Putting the Hammer Down

It was the spring of 1984.

It took the mercy of my brother and the desperation of his girl-starved friends, but the impossible happened: I got a real date to my Senior prom. 

My brother was three years older than me and was in his third year at the US Naval Academy. His friends seemed impossibly cool to me. They were all smart and fairly athletic, in other words, completely out of my league. One friend was a six-foot-four, 200-pound hammer thrower for the USNA track team. He was a New Yorker; the kind of guy that walks in your house, kisses you hello, then opens your fridge without asking. Everyone in my family seemed to think he was terrific and that we would make a good couple. I wasn’t so sure, but since I had no other romantic prospects on the horizon, I went along with the plan.

The Academy often hosted dances at Dahlgren Hall, which were pretty dismal affairs where lonely midshipmen wandered around with punch cups in their hands, looking for any thing resembling a female. With some urging from my parents, I got fixed up with the hammer-thrower and we doubled with my brother and his girlfriend to one of the Dahlgren dances.

The hammer-thrower put me at ease right away with his New Yorker charm and good sense of humor. Even when my brother and his girlfriend peeled off to be alone, the hammer thrower never came on too strong. He danced like a fool and challenged me to several matches of thumb wrestling, but never put the moves on. What a relief. 

That year, I went to more dances at Dahlgren. We always had fun, but the relationship never really progressed. It always seemed that my parents liked him more than I did.

When my prom rolled around, I asked the hammer-thrower to accompany me, and he was glad to have any reason to break away from the rigors of the Academy. I couldn’t wait to show my high school class that the person they voted “Class Clown” was worthy of a real date, and not just any date – a 20-year-old six-foot-four-inch hammer thrower in full dress uniform.

Just like last year, I swapped dresses with my best friend — I got the purple poofy taffeta gown and she got the mauve number with the droopy shoulders. Neither of us cared much, we were just glad to have any date at all. My best friend was going to the prom “as friends” with a boy who had the unfortunate nickname, “Goober.” But she had a serious boyfriend the year before, so this was her year to forget the romance and just have fun.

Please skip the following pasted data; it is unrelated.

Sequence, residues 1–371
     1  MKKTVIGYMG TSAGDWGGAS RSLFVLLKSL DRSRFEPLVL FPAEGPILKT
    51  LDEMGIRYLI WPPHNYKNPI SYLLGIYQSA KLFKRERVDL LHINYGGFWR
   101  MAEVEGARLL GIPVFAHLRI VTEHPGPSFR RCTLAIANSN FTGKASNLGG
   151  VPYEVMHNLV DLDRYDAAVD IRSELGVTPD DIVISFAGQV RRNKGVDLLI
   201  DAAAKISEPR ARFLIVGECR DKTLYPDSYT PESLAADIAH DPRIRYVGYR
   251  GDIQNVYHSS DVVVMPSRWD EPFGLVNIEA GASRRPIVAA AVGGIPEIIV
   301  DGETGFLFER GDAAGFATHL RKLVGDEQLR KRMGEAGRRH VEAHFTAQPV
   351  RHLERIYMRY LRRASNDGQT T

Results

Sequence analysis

I, on the other hand, had attended my Junior prom “as friends” with a boy known as “The Duke,” so I was ecstatic about finally having a theoretically romantic date for the prom.

The hammer thrower wore his dress blues, and despite the copious amounts of purple taffeta adorning my body, I thought we made a sharp-looking couple. At the prom, we danced and even smooched a little when the chaperones weren’t looking. I was totally caught up in the moment. I wasn’t necessarily in love with my date, but I was totally in love with having a real date to the prom, which was good enough for me.

After the prom, we went to Goober’s house for the after party. After party routines were simple: you change into jeans and stay up all night. I was exited to prolong the fun for as long as we could.

While Goober’s mom started making pancakes, we all sat in the family room yakking it up. The phone rang with scandalous news – One of the couples was late because they drove up to the Catholic church parking lot to make out and their car battery went dead. We all cracked up at the couple’s misfortune, and were excited by the dramatic turn of events. While Goober’s buddies jumped into a car to go pick the stranded couple up, the hammer thrower slouched on the couch with his gold cummerbund askew, and offered only a huge yawn.

After the boys returned, the girls gathered in one of the bedrooms to change into jeans, probably stone washed with pleats. When we returned to the family room ready for a long night of laughs and horsing around, I noticed that the hammer thrower was laid out on the couch, sound asleep. He stirred, sat up, and discretely asked me if we could leave so he could get to bed. 

I was disappointed and annoyed that my supposed perfect date cut my big night short. Back at home, he crashed on our living room couch. As I resentfully hung my purple taffeta gown in my closet and climbed into bed, I suddenly realized that he had been totally bored with the whole affair and only agreed to be my date out of pity. He had his Senior prom years ago. Been there, done that, bought the t-shirt.

But being a cup-is-half-full kinda gal, I laid in my bed and tried to not let my resentment ruin my teenage right of passage.  I realized that I should be grateful that I was not home alone on prom night eating a half gallon of chocolate chip mint while watching Footloose.  No doubt about it, a sleepy hammer-throwing mercy date is better than no date at all.

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1 comment

  1. Chris July 18, 2010 at 5:36 am Reply

    I think I have that dress too!

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